Markus Müller (Georg-August-Universität)
Studying the kinetics of copolymer self-assembly
Copolymers are flexible macromolecules that are comprised of two (or more) blocks. The incompatibility between the constituents of different blocks gives rise to microphase separation on the length scale of 5 -70 nm. Much effort has been devoted to utilizing these soft materials as templates for nanostructures, e.g., for integrated circuits and memory devices, and fabricating defect-free structures or structures that differ from the thermodynamically stable morphologies in the bulk.
Computational modeling can contribute to optimizing material parameters such film thickness, interaction between copolymer blocks and substrate, geometry of confinement, and it provides fundamental insights into the physical mechanisms of directing the self-assembly, addressing both the equilibrium structure and thermodynamics and the kinetics of self-assembly.
I will discuss highly coarse-grained particle-based models that allow us to access the long time and large length scales associated with self-assembly [1,2], review computational methods [2,3] to determine the free energy of self-assembled structures [4,5] and to investigate the kinetic pathways of structure formation . Opportunities for directing the kinetics of self-assembly by temporal changes of thermodynamic conditions will be discussed.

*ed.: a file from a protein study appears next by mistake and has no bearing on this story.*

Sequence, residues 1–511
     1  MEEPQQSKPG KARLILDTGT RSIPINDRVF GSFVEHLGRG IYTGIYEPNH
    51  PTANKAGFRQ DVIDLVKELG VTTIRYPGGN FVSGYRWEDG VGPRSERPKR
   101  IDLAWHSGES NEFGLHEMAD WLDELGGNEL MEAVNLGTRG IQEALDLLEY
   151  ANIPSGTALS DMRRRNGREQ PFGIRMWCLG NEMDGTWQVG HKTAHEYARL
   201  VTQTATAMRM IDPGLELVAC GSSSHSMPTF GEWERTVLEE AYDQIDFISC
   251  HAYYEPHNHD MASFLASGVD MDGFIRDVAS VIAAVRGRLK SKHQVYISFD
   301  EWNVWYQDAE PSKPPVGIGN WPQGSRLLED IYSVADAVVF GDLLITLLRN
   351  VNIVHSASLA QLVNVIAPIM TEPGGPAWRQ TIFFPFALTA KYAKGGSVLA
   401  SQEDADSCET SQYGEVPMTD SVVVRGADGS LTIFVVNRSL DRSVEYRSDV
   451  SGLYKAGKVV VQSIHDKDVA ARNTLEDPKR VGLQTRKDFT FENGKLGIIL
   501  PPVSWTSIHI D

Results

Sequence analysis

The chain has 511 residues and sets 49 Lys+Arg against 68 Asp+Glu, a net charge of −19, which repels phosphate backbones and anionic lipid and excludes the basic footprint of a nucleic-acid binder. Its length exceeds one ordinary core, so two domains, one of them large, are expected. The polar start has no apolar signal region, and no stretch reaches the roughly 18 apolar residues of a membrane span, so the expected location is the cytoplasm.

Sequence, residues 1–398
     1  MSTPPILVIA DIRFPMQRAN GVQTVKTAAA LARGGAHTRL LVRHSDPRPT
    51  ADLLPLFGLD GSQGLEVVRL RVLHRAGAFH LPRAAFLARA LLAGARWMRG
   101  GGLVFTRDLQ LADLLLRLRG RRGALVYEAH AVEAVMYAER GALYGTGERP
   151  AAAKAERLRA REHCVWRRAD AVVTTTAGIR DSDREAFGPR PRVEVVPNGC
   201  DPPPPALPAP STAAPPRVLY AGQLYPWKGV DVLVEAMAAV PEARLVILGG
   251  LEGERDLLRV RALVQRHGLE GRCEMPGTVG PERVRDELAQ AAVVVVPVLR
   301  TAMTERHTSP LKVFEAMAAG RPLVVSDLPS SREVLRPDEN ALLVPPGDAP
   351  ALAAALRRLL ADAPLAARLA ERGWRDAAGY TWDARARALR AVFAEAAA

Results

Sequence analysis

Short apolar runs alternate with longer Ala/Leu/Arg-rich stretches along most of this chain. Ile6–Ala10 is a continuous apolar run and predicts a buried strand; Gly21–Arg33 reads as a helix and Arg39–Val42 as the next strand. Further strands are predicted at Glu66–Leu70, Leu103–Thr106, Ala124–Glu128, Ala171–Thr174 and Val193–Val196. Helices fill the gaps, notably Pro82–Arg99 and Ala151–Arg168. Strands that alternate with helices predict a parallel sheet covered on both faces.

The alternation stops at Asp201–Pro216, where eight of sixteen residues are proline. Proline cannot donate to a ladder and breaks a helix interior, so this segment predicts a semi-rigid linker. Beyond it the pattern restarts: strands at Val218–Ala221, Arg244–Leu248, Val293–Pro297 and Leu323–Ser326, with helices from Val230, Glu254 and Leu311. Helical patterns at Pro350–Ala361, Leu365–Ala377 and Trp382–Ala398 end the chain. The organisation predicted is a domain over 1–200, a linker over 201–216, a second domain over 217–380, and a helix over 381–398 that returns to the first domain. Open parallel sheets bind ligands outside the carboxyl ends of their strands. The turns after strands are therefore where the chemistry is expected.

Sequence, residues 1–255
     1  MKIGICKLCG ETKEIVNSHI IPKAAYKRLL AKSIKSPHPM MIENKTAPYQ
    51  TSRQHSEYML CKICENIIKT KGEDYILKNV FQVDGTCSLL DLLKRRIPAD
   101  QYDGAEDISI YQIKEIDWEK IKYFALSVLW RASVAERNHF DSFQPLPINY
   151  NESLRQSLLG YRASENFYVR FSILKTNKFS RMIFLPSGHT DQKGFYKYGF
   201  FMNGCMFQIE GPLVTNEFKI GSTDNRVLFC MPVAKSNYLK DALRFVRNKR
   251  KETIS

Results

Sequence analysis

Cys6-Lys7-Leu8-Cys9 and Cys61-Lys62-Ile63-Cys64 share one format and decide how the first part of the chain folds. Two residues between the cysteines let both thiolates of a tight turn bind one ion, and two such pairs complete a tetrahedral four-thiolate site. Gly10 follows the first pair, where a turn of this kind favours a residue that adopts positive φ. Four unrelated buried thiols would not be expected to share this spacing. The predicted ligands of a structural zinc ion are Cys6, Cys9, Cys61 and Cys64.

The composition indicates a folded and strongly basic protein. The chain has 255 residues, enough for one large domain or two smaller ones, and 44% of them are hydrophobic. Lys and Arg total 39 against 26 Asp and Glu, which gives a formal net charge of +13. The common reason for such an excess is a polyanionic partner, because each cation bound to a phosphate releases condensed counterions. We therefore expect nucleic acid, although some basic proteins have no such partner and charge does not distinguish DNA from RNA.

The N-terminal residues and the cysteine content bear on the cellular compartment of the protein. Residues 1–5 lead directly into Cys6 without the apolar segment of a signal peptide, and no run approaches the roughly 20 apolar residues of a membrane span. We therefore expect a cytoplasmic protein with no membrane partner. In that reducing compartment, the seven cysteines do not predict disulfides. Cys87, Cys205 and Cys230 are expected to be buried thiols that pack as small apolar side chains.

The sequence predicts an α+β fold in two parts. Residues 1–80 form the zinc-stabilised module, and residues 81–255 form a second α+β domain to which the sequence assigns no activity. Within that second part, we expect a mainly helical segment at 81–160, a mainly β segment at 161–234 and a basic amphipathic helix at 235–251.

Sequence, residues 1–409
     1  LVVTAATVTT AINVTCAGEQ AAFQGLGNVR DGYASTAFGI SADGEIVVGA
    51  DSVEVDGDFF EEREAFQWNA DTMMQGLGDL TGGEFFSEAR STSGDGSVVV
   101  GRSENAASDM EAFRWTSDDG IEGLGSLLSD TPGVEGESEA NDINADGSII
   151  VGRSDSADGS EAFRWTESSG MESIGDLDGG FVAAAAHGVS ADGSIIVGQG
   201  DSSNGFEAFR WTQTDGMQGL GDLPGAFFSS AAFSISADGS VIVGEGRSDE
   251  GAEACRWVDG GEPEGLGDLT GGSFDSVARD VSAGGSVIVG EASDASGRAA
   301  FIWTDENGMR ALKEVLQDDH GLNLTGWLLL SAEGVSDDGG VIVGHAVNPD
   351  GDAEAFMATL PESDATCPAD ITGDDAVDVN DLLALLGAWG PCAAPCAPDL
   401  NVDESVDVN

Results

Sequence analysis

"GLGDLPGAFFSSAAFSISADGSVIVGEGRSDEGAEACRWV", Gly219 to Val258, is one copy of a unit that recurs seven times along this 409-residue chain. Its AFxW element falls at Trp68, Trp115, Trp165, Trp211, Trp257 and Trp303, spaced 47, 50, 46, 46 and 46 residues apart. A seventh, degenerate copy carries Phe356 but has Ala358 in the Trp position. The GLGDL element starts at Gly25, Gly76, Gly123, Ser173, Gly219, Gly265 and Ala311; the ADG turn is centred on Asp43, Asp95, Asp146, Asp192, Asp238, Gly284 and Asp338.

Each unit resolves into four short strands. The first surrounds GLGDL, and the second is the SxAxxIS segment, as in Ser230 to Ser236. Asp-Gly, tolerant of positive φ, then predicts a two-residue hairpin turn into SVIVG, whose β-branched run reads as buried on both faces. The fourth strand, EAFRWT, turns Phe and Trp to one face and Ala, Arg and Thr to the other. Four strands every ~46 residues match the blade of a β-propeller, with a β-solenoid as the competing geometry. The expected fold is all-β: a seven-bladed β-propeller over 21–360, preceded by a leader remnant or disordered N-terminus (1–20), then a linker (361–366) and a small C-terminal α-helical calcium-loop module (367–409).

M. Müller, J. Stat. Phys. 145 (2011), 967
 M. Müller and J.J. de Pablo, Annual Rev. Mater. Res. 43 (2013), 1-34
 M. Müller and K.Ch. Daoulas, Phys. Rev. Lett. 107 (2011), 227801
 M. Müller, Phys. Rev. Lett. 109 (2012), 087801
 U. Nagpal, M Müller, P.F. Nealey, and J.J. de Pablo, ACS Macro Letters 1 (2012), 418  M. Müller and D.W. Sun, Phys. Rev. Lett. 111 (2013), 267801